Having been on the market with a $22.5 million price tag for over a year, the asking price for the massive East Bay estate at 10 Winding Lane in Orinda, which is owned by the CEO of McKesson, has just been reduced by $6 million to $16.5 million and re-listed with an official “1” day on the market according to all industry-based stats.

The buildings on the gated 8.6-acre estate total over 23,000 square feet, including the 14,200-square-foot main home (with a 2,100-square-foot master suite and 855-square-foot closet) and a 5,600-square-foot sports center (with a gym, multiple sports courts, his and hers locker rooms, a “bocce center,” indoor and outdoor kitchens, living rooms and spas) which was added in 2008.

And don’t forget the 3,100-square-foot carriage house with a banquet hall over its five car garage.

22 thoughts on “$6 Million Price Cut for Massive East Bay Compound”
  1. So…they re-listed and wipe out the previous “ask” price, so they (the brokers) can maintain the fascade that the market is indeed “a sellers market!”, and prices aren’t going down? Nice. Why do Zillow and Redfin allow this shenanigans?

    1. The high-end is one thing, the $1M-$2M market is another. 10-15 offers on everything in the Peninsula, SF, and Oakland in that price point, with astronomical prices.

      1. Eastbay (I haven’t been looking at Oakland) has been coming down. Orinda, Lafayette, Moraga – there haven’t been 15 offers on things. 2 or 3 price reductions until a sale. However, brokers seem desparate to maintain that the market is “great”. I agree to some degree – it’s still great relatively speaking for sellers compared to where we were 4-5 years ago! A leveling out and slight decline is normal.

        1. According to the new LinkedIn Workforce Report, hiring in the SF Bay Area fell 4.1% year over year for May and 11.1% seasonally adjusted from April to May. They found the highest skills mismatch of any city, with too many qualified applicants for coding jobs (even though you guys said it would be easy for them to get hired again after their lame startup went bust) and too many middle class jobs going unfilled because those workers have fled the area. It won’t take long to filter into home prices, I’ll bet.

          As for the very high end, rich people have access to the best financial advice, and I’ll bet nobody is telling them “this is a good time to buy”.

    2. The MLS shows the price “History” of each property, whether it’s been reduced or re-listed. While you may be able to restart the number of days on market, re-list dates, or those of reductions, all are clearly reflected for agents to discuss with their clients.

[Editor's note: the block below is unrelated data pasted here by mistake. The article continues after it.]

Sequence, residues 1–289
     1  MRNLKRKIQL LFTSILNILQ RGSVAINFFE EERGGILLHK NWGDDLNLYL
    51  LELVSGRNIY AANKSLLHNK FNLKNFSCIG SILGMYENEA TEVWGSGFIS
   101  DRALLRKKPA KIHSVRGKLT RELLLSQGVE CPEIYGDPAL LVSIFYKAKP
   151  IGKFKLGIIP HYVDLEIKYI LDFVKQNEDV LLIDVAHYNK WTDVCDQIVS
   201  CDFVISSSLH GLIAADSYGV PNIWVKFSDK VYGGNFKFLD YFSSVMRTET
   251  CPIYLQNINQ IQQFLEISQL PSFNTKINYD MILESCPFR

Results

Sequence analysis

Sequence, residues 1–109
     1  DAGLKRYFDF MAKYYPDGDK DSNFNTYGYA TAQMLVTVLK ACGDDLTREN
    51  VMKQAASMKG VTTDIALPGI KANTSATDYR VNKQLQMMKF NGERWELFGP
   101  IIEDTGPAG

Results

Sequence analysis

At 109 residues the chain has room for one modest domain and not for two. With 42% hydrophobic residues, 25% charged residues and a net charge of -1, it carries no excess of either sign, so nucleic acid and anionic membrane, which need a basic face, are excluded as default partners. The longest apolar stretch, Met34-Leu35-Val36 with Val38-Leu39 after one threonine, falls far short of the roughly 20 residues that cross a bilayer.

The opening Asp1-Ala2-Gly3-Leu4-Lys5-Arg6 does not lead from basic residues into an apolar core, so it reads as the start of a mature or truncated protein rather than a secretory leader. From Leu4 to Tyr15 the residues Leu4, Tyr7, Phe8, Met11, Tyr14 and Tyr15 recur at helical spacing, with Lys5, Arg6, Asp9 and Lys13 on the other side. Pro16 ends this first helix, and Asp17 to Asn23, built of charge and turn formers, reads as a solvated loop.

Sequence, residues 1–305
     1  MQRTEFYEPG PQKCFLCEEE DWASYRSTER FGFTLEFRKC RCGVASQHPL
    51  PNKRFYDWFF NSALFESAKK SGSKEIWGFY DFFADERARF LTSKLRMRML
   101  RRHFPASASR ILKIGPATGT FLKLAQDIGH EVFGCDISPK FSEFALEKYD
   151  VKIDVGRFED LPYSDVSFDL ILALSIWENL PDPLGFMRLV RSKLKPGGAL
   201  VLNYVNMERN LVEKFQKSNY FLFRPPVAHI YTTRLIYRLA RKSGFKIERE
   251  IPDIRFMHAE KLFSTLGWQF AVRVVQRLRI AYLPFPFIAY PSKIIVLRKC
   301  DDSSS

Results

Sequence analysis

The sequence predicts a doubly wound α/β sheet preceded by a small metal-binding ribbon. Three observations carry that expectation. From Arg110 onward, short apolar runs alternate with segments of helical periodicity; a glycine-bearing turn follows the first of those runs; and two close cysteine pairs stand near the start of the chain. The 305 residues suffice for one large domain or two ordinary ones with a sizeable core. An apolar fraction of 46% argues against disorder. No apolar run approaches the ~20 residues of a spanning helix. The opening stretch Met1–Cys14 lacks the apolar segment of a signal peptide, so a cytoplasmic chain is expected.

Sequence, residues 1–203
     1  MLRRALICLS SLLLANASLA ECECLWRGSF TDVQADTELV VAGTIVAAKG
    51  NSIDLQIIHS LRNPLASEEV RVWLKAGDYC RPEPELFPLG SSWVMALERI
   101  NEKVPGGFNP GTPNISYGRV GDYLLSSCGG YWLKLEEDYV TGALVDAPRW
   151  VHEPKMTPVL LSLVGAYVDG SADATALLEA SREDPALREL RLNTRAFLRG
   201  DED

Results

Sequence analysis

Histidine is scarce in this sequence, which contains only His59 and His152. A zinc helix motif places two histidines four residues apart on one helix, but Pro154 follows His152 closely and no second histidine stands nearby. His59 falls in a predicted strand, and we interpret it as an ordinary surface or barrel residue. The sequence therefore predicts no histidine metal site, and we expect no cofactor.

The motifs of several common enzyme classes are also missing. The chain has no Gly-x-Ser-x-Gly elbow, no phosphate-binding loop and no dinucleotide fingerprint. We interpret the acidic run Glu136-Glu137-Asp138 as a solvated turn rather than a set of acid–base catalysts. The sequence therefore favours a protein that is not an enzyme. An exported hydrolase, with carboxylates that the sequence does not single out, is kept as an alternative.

1. It seems it didn’t make the “Biggest Users” list – at least if I have the name correct – although some of the neighbors (roughly defined) did. Maybe it uses well water (or maybe it has a “private line” to Briones, nearby 🙂 )

  2. Nothing says “living large” better than a MBR closet that is the same size as a median home in many Asian cities.

  3. interesting that if you initially try for 23 million at did not succeed, that you don’t go down incrementally (say by 1 or 2 million) instead of a drastic 6 million. if you thought 23 mil had a chance, why not at least try for 20 mil?

  4. Furniture looks very meh. For an 8 figure home, you would think they fill it with something other than Restoration Hardware…. although this could be staging… if that’s the case, then I guess it’s kinda ok…maybe

  5. Couldn’t decide on an architectural style so just did one of each? Such a confusing disjointed property.

  6. Word is that the sports complex is unpermitted somehow, and would need to be torn down or reworked to satisfy the building department. This is the reason for the price drop.

  7. From The Mercury News, last updated August 12, 2016, first published July 31, 2015: “John Hammergren no longer has a company chauffeur to drive him around. Which is not to say he’s hurting: He earned $25 million running pharmaceutical distributor McKesson last year, making him the sixth-highest paid CEO in the Bay Area.…If he lost his job tomorrow,he could return home to his Orinda mansion with a $114 million pension and an estimated $140 million in accelerated stock awards, along with other severance benefits such as lifetime secretarial services.…But his annual pay package has declined steadily in recent years…and his parachute is not as golden as the record-breaking deal his board once promised. Shareholders insisted on scaling back.”

    Go read the whole thing. What the piece doesn’t say is that McKesson Corporation cancelled front-line employees’ pension plans outright in 1997. Defined benefit plans for the members of the petty bourgeoisie, defined contribution plans for the proletariat.

  8. This house is probably haunted with the thousands of bodies from overdose that Mckesson is responsible for.

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